A very interesting night at the Fox News Decision Desk in New York. I had expected New Hampshire to vote, as I put it to an E-mail correspondent, “Obama big, McCain close with a nontrivial chance of Romney.” This was a pretty reasonable extrapolation from the preprimary polls for the Democrats and the Republicans. It turned out that the Republican numbers (John McCain 32, Mitt Romney 28) were not far from the mark; the final score was McCain over Romney 37 to 32. But the Democratic numbers were way off. Hillary Clinton led Barack Obama 39 to 37 percent. Obama got a little less than his 38 percent average in the polls, Clinton far more than her 30 average.
Fox was able to call the Republican race not long after 8 p.m.—rather earlier than I expected. The numbers lined up in predictable ways, with McCain running behind his 2000 performance, when he beat George W. Bush 48 to 30 percent here but not enough so as to leave the subject in doubt. Romney carried cities and towns on and near the Massachusetts border, whose residents (or at least their Republican primary voting residents) don’t want to make Massachusetts more like New Hampshire but vice versa. But McCain carried (at least with nine of 12 wards reporting) Manchester and won big margins in the more outlying parts of the state.
Where does the Republican race go from here? One answer is to Michigan, which votes next Tuesday. There’s no Democratic contest there: The Democratic National Committee forbade its candidates from competing, out of deference to that provision of the Constitution (which I’ve never managed to find in the text) saying that Iowa and New Hampshire vote first by several days if not several weeks; Obama’s and John Edwards’s names are off the ballots, while Clinton’s is still on. She won’t get credit (or, in the short run, delegates) for a big win but could be hurt a bit if there are a lot of Obama (or, more unlikely, Edwards) write-ins cast against her.
The important point here is that there will be a large body of self-identified independents and Democrats with a motive to vote in the Republican primary. Not as many as in 2000, I suspect, when 40 percent of Republican primary voters were self-identified independents, and an astonishing 20 percent were self-identified Democrats. There was a dynamic going on there then that is not present now. Incumbent Gov. John Engler, after 10 years of successfully smashing Democrats, was supporting George W. Bush and clearly lusting after a high position in a Bush 43 administration. His Democratic enemies, many in number, saw a way of denying it to him: vote for McCain, who in any case was to many of them an attractive figure on his own merits. So they did. But Engler is now long departed from Michigan, and McCain cannot depend on this constituency this time. Indeed, his 2008 percentage in New Hampshire (37 percent) was visibly lower than his 2000 percentage there (48, against fewer serious candidates). In any case, McCain has serious claims on the votes of Michigan Republicans, as does Romney, whose father was governor from 1963 to 1968. It will be an interesting contest in a state that has never found a satisfying middle ground between holding a primary (there is no party registration) and holding something in the nature of a caucus.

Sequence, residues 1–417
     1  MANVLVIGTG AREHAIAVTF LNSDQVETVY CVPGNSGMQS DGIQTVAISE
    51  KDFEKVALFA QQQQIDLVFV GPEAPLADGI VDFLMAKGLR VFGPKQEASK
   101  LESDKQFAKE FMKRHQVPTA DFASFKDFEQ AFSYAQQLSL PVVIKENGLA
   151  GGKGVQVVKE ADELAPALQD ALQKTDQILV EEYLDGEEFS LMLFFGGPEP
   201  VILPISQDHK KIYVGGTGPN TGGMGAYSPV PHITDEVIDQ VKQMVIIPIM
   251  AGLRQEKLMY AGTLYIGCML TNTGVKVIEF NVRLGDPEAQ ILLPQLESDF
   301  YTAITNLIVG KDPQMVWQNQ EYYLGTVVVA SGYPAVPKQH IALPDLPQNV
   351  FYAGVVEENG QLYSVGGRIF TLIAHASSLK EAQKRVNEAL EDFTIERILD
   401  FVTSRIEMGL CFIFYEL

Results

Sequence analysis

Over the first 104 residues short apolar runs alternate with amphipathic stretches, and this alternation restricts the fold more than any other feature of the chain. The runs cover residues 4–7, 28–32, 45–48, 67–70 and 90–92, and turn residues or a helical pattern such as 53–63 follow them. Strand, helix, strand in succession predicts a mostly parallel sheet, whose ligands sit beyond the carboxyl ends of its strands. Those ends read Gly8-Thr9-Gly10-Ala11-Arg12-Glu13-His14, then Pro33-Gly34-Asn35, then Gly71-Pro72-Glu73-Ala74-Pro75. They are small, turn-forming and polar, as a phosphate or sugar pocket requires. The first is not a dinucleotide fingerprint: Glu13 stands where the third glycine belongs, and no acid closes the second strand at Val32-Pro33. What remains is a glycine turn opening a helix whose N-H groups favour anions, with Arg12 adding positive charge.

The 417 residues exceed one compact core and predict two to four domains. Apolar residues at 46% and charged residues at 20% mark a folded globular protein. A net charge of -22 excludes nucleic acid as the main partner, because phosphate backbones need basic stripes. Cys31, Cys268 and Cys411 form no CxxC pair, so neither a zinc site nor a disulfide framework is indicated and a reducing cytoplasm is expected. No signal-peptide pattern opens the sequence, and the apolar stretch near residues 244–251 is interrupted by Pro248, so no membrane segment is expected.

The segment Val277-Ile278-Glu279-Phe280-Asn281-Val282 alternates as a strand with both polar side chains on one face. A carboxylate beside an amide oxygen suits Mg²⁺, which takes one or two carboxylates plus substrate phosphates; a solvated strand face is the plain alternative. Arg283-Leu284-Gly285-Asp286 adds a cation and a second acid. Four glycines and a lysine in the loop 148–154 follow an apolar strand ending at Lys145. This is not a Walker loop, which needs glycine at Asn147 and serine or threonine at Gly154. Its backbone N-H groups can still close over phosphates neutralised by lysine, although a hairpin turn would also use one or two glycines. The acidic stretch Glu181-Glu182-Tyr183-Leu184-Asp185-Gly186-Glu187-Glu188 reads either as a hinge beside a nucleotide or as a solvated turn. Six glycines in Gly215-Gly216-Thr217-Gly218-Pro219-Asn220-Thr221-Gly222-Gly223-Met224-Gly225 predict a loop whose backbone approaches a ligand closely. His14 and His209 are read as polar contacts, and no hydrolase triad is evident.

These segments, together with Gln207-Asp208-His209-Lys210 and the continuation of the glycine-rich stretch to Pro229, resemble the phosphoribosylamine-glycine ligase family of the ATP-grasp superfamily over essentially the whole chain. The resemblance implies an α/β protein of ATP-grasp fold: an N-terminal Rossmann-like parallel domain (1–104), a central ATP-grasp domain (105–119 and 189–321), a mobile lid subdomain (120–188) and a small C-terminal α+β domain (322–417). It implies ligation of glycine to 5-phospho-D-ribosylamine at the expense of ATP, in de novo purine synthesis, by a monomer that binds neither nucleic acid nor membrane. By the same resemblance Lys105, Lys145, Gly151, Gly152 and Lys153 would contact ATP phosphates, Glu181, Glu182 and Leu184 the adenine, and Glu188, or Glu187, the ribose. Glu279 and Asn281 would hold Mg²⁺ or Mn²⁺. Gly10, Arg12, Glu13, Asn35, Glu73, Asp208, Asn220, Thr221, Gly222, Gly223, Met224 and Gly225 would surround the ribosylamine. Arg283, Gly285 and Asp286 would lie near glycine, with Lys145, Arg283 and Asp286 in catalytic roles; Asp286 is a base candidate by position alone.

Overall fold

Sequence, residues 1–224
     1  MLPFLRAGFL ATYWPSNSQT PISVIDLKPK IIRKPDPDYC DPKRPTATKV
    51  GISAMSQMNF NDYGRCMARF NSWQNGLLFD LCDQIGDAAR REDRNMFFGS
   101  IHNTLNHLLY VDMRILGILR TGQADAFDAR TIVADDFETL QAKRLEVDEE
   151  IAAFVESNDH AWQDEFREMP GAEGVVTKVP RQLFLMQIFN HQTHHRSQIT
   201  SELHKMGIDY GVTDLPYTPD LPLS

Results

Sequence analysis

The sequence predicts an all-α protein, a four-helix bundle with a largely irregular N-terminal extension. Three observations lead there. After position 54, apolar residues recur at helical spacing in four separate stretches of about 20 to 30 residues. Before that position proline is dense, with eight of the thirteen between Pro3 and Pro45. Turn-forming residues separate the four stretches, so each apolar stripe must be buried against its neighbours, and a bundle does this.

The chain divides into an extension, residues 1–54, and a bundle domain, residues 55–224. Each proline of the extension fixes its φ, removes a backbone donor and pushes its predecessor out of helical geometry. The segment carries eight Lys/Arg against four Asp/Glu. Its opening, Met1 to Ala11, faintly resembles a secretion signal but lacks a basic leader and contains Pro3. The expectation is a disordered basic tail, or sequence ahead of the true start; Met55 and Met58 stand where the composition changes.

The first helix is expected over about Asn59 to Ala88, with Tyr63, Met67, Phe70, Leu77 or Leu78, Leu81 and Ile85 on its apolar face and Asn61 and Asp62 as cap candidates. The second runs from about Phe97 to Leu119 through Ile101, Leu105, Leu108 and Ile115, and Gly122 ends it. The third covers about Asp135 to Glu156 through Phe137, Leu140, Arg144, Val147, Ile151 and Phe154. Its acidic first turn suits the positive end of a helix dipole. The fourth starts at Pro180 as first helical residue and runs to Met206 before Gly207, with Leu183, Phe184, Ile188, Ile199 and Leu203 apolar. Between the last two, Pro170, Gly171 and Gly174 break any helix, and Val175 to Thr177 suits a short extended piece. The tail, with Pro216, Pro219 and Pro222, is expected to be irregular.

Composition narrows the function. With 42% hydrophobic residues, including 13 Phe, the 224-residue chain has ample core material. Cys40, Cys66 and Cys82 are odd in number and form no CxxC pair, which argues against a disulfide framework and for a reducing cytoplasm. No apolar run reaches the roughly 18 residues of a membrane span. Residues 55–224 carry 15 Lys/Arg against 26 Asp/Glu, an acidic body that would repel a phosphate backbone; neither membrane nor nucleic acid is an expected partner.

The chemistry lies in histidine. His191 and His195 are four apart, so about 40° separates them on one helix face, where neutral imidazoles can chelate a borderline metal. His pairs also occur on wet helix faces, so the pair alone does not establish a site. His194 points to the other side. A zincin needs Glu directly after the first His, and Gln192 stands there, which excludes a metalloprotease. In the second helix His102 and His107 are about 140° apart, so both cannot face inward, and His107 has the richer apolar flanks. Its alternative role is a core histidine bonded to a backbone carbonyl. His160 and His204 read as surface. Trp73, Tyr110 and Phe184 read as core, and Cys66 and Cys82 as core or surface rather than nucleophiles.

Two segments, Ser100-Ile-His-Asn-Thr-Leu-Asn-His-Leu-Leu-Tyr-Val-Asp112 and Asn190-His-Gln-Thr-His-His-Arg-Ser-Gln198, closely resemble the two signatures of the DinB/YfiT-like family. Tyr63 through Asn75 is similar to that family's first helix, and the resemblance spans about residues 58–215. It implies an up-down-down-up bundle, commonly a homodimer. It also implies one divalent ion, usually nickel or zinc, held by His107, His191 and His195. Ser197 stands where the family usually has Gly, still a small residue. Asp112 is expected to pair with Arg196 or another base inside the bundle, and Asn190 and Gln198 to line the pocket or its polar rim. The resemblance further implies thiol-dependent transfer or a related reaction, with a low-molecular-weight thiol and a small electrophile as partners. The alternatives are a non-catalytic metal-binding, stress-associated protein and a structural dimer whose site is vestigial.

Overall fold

The dynamic I see in the Republican race is this: Five candidates have reason, from their own points of view, to continue their candidacies and no motive to stop anytime soon:
So on we go, to Michigan on January 15, South Carolina and Nevada on January 19, Florida on January 29, and 22 states on February 5. I wrote a few days ago that there were 60 scenarios for the Republican nomination. I think we’re down to about 52—down but not out.